Byrum said the needle exchange program is “desperately needed” in Ingham County.

Ingham County Commissioner Todd Tennis, who also served on the ad hoc needle exchange committee, said the program will likely be administered by a private nonprofit, and talks with possible partners are underway.

“Minor” adjustments of local ordinances will be needed to implement the program, according to the ad hoc committee report. Lansing ordinance restricts the use of drug paraphernalia.

“The city would have to take steps to change those ordinances and local rules so people would feel comfortable to get clean needles,” Tennis said.

Vail said the county health department has been in contact with the Lansing City Council’s Committee on Public Safety and the mayor’s office “related to the potential of changes that would get that out of our way, and they’re prepared to review it and see what they can do to help.”

Funding for the program, however, would have to come mainly from the federal government.

“The sticky part is that there’s not a whole lot of budgetary space, either at the county level or local unit levels,” Tennis said.

According to U.S. Center for Disease Control guidelines, federal funds can’t be used to purchase sterile needles or syringes for illegal drug injection, but can be used to support a “comprehensive set of services” including staff time, testing equipment and other supplies.

To get a CDC grant, local health departments must show evidence that their area is either experiencing or at risk for “significant increases in hepatitis infections or an HIV outbreak due to injection drug use.”

Tom Price, the physician and congressman from Georgia picked by President Donald Trump to head the Department of Health and Human Services, voted to stop federal funding for needle exchanges in 2009 and voted in 2007 to stop the District of Columbia from using non-federal funds for needle exchange programs.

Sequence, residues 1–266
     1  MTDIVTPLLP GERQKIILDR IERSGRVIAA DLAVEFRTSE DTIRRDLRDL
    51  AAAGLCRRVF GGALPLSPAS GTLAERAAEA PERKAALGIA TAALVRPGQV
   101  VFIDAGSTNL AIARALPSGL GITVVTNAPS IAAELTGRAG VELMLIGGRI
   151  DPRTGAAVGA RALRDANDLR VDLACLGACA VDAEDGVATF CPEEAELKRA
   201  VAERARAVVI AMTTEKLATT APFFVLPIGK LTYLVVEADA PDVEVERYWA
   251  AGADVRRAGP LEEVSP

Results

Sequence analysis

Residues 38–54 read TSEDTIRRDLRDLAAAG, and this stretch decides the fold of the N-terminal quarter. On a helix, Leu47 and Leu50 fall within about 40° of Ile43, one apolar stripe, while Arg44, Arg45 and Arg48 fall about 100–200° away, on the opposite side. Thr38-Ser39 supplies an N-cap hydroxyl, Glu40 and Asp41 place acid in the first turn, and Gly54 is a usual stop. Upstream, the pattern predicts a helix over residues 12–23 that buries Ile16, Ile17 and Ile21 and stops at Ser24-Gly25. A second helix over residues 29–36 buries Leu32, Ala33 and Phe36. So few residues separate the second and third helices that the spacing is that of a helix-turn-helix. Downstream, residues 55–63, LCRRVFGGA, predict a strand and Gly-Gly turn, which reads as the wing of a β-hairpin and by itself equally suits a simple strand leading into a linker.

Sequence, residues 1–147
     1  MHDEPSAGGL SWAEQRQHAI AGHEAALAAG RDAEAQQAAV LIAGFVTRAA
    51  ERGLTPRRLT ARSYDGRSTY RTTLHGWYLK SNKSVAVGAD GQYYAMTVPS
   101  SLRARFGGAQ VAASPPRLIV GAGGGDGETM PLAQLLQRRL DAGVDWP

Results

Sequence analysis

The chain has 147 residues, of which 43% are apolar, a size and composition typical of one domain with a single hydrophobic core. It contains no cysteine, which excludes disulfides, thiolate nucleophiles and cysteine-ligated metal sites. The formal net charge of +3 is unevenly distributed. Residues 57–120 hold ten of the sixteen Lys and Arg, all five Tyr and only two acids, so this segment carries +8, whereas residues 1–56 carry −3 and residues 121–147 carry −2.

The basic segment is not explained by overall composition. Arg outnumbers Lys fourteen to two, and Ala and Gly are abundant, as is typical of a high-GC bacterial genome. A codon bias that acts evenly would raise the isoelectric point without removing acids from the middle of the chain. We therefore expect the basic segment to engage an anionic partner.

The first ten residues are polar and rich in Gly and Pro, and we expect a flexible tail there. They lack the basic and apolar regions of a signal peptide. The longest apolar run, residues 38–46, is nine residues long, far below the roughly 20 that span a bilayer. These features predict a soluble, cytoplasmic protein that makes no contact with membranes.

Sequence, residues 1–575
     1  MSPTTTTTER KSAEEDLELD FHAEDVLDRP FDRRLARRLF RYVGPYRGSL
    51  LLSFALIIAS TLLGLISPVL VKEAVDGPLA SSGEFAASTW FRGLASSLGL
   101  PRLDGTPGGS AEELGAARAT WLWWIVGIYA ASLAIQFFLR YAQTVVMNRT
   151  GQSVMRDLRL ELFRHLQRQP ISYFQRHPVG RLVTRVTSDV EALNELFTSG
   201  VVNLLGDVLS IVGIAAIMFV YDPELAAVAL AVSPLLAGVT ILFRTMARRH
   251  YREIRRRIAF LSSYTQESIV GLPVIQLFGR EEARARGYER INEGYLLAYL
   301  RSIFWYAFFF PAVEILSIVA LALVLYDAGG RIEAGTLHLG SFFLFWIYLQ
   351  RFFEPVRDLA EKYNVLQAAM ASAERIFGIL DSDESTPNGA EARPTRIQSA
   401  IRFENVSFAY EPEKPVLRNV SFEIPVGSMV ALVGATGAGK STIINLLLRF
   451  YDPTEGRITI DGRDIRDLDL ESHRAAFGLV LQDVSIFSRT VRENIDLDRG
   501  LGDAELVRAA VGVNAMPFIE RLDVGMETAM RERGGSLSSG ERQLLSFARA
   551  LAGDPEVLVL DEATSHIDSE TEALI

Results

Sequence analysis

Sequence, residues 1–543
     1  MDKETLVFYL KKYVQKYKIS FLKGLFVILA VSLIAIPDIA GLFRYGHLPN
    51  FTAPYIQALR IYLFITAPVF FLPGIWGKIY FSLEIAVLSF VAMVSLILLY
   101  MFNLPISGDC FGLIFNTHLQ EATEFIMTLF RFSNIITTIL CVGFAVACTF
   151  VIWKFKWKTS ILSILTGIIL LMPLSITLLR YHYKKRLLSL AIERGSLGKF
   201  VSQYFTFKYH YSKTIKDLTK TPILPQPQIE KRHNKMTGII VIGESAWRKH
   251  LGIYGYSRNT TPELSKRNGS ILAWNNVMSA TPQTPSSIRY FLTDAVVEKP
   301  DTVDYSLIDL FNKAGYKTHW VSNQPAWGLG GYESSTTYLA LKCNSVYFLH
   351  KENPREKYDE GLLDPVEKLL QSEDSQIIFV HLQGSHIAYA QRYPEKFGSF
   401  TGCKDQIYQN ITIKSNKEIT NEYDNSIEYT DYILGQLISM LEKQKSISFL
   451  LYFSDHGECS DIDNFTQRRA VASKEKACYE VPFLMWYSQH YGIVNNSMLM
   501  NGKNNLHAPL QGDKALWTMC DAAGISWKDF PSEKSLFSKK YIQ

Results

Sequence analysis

However, Price represents a district north of Atlanta where heroin-related deaths have increased dramatically since 2013, according to data released by the Big Cities Health Coalition Project. Price’s wife, Betty, an anesthesiologist who serves in the Georgia state legislature, pushed through the Georgia House in March a bill that would have allowed homeless shelters, drug treatment centers and other social service organizations to distribute sterile syringes to intravenous drug users, but the bill failed in the state Senate.

Supporters of needle exchange programs hope the recent spikes in injection drug use and related outbreaks in HIV and Hepatitis-C in Mike Pence’s and Tom Price’s home states will influence the CDC to protect the programs, even under a Trump administration.

Vail, Byrum and Tennis all cited another significant benefit of a needle exchange program. For many injected drug users, such a program is a first contact with counseling and treatment services and a gateway to recovery.

“As opposed to this population living in the shadows, unable to even find help, hopefully this program can provide a safe space where they can start to reevaluate their choices,” Tennis said.

Tennis said it’s “impossible to know” whether a Scott County-type event is likely to happen here, “but it’s better to take steps to prevent that happening rather than react to it after it happens.”